Well, I just broke my rule against Wikipedia, but it saved me from a strange mistake. The “sorites paradox” is the fallacy of the heap: if you remove one grain of sand at a time from a heap, at what point does it cease to be a heap? On the other hand, how many hairs may a man have, before he ceases to be bald? Thersites is a bald man; or at least, partly bald (Wikipedia again).
There is a connection with the question of “things” versus “stuff”: a heap is a discrete entity. Consider the example of dog turds: quantity is not important. If the dog does it all in one go, you have one turd; if he moves in the middle, you have two. Or bottles (or indeed, glasses) of wine, which contain “stuff”, and can be counted. What about clouds, though? Is the difference between two clouds the clear blue sky that separates them? We know that they are formed of droplets of water vapour, and clouds are the result of an interaction between humidity and air temperature, leading to condensation; but one drop does not make a cloud.
Considering this set of puzzles within the history of philosophy, there is an affinity with the paradoxes of the Eleatics, too; and Parmenides. Aristotle’s solution to the problem of how you can have things that both persist and change, and also, how things can come to be and cease to be, is the thoroughly weird concept of “substance”. Kant turns it round and makes things an artifact of how they must of necessity be perceived. That is so oversimplified it can hardly be correct, but let it stand as an indication that there is a broader context within the forward motion of intellectual history. Some time in a library is needed.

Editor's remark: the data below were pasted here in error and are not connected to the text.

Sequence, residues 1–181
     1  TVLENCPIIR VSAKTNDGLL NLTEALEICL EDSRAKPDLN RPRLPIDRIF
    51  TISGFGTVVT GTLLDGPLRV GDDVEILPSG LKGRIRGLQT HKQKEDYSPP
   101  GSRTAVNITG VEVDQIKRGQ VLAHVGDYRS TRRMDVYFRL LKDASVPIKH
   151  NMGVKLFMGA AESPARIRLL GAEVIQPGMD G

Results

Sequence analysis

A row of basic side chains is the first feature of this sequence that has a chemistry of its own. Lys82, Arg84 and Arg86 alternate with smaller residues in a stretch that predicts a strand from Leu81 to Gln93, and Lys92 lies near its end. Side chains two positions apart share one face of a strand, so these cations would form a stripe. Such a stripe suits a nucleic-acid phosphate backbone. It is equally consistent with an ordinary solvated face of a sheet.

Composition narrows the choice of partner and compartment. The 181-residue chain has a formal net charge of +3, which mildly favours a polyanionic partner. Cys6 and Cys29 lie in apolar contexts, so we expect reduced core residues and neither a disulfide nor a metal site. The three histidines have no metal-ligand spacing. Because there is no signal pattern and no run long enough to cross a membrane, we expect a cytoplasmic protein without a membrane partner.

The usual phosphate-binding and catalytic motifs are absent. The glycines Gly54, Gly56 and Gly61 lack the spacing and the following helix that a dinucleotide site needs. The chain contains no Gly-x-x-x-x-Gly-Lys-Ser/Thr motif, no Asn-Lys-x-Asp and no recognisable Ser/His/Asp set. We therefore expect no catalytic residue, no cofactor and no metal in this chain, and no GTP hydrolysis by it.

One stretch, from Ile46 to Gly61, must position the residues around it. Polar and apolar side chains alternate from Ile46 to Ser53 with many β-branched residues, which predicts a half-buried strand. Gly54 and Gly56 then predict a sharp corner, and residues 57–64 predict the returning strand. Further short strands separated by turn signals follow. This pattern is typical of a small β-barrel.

The connection I hoped to make when I jotted “Thersites”, and a familiar name, in my journal was with my post here recently about the excluded middle. Seeing things in black and white is about how one draws a line through a continuum. One example where we don’t seem to feel the general need to do so is height. There are, to be sure, tall people and short people, but most people are neither particularly short nor particularly tall. We can easily determine that one person is taller or shorter than another, but most of us are in the middle. When I was at school, my mother once took me to task for saying a boy in my class was short, because how could I tell, given we were all still growing? Surely it makes no difference, though, because we were still a cohort showing variation that would probably have made a nice bell curve. A class of schoolchildren is a living, breathing exemplar of standard deviation. As a question of psychology or perception, it might be the case that either short or tall people have to diverge more from the mean in order to be perceived as such, but that is not salient, and would be quite hard to study. Maybe tall or short people are more inclined to perceive height in a skewed way, too; but I couldn’t guess which way round that might work.
Yet it seems to be very difficult to transfer this intuitive understanding to other domains, as for example with risk. We would like both risk and uncertainty about it to be zero, and that translates pretty directly into a cluster of unreasonable beliefs. It is, indeed, to ask the impossible.